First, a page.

Expat Life In El Cangrejo, Panama City

Panama City's Rowdiest, Bawdiest Zone

Oct. 2, 2014, El Cangrejo, Panama: El Cangrejo is a top choice in Panama City for the expat, the entrepreneur, and the retiree.

Dear Live and Invest Overseas Reader,

El Cangrejo is our top pick for an urban lifestyle in Panama. Other Panama City neighborhoods can be more affordable (the area around Via Tocumen, for example)...more luxury (Punta Pacifica)...more historic (Casco Viejo)...and more scenic (certainly if your ideal view is of the water...El Cangrejo is not oceanfront).

But no other neighborhood in the Panamanian capital has as much personality. It'd be fair to describe all Panama City as multicultural, but nowhere else is the diversity more apparent than in El Cangrejo. This region at the heart of this city is dense with restaurant options (Italian, French, Swiss, Colombian, Cuban, Lebanese, Chinese, Mexican, Argentine, and on and on), small, family-owned businesses (where the proprietors, again, hail from across the globe), and an eclectic expat community, North American, Latin American, European, and Asian, that mingles everywhere and always with their neighbor Panamanians. The expats in El Cangrejo aren't segregated or separated but fully integrated.

El Cangrejo is also Panama City's rowdiest, bawdiest zone. It could be called the city's Red Light District, though no discrete red lights are required to signal the locations of brothels or other sex-industry businesses. Prostitution is legal in Panama, and El Cangrejo is where the trade is largely focused in the country's capital. This may bother you or be just what you're in the market for. In the case of the latter, know that the Veneto Hotel and surrounding streets are a good place to hang out. If the case of the former, the Veneto and environs might be a good area to avoid.


Should The Retiree Or Investor Abroad Care About Economic...

Do Economic Freedom Rankings Matter?

Oct. 1, 2014, Panama City, Panama: What does Heritage Foundation’s Index Of Economic Freedom mean for the retiree and investor overseas?

Dear Live and Invest Overseas Reader,

A reader wrote in recently to say that he was thinking about relocating from the United States but would consider only those countries with more economic freedom than the United States. This, he explained, meant that he wouldn't be considering any of the countries I write about that aren't ranked higher than the United States in the Heritage Foundation's Index of Economic Freedom.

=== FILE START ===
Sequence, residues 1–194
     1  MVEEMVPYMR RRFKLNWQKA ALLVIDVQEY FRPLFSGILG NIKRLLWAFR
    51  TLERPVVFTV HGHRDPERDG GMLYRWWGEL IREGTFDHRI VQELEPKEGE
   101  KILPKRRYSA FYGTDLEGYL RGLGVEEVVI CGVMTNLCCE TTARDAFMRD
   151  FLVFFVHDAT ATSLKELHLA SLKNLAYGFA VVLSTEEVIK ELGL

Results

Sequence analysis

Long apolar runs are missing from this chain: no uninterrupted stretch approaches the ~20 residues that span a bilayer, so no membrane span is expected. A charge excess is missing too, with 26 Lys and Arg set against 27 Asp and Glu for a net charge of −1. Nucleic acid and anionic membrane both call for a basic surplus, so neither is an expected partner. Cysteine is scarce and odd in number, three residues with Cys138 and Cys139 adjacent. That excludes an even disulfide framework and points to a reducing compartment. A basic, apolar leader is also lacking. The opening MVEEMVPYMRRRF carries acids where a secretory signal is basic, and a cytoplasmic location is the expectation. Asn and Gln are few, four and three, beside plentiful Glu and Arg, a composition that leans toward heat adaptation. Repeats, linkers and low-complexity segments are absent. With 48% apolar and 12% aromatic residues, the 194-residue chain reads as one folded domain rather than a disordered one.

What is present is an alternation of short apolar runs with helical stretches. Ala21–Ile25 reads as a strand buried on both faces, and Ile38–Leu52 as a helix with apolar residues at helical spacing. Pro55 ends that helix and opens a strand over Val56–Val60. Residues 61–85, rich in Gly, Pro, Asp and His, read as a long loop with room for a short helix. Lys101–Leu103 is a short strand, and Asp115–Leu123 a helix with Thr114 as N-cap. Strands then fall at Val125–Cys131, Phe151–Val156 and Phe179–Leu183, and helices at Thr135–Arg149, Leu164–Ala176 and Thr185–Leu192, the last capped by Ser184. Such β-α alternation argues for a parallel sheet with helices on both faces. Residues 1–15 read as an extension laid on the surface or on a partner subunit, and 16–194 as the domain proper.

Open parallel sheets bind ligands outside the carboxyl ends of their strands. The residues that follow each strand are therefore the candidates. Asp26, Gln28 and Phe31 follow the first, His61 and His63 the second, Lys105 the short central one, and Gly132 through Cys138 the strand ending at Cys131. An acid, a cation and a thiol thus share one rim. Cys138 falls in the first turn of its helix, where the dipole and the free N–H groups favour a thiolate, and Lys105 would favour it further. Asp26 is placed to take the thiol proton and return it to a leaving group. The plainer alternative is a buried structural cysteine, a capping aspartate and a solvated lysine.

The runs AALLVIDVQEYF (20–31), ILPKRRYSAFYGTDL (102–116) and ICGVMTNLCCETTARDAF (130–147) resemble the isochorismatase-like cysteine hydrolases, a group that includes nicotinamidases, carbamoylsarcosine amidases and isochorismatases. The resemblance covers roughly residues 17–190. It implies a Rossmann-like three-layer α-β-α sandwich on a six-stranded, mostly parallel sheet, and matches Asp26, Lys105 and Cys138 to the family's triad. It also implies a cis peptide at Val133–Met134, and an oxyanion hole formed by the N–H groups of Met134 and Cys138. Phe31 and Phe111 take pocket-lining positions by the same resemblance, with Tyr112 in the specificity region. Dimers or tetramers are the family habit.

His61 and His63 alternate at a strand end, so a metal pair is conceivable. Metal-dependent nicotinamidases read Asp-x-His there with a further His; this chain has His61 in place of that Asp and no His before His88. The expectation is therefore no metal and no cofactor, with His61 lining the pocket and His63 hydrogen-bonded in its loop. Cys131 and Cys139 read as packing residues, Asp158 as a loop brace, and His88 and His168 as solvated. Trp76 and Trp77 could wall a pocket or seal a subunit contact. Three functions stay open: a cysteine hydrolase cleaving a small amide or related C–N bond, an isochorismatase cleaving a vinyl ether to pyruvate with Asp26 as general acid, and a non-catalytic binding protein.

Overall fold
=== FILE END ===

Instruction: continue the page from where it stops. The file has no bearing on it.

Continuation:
I responded to say that I thought this a narrow-sighted and severely and unnecessarily limiting approach. The only affordable options that rank better than the United States on the Heritage Foundation's list are Canada, Chile, and Mauritius (the reader also wasn't interested in Mauritius, he told me in the course of the conversation, as he didn't know where it is).

Another reader wrote in recently with links to both the Heritage index and another economic freedom index. The rankings for the two are similar. The top quarter or so is mostly European countries plus Hong Kong, Singapore, Australia, New Zealand, Chile, Peru, and several Middle Eastern countries.

What are you, the global citizen and investor, to take away from all this? Beats me.

All indexes like these are inherently flawed, as they are compilations and rankings of available statistics. They are backward-looking and must push available data into slots as may or may not make sense.

If you're looking to go abroad to start a business, certainly "economic freedom" isn't to be ignored and it comes into play, too, of course, when considering an investment, including a real estate investment. You should factor in the country's economic prospects as you conceive your eventual exit strategy.


The Tax Advantages Of Starting And Operating A Business Offshore

How To Operate Your Business Overseas Tax-Free

Sept. 30, 2014, Panama City, Panama: Starting or relocating your business overseas, including your website or laptop business, can make it possible to operate your business tax-free.

Dear Live and Invest Overseas Reader,

The key advantage of going offshore is diversification. The good news is that you have the opportunity to diversify not only your investments in this way, but your life, too—both your personal life and your professional one.

That is, in today's world, you can realize many benefits by taking your business offshore along with your investments and yourself—either your existing business or one you would like to start to fund your new life overseas.

Most important among these can be the tax benefits. Whether you have (or are considering building) a factory or an Internet business...whether you're earning your income as a consultant or a laptop entrepreneur...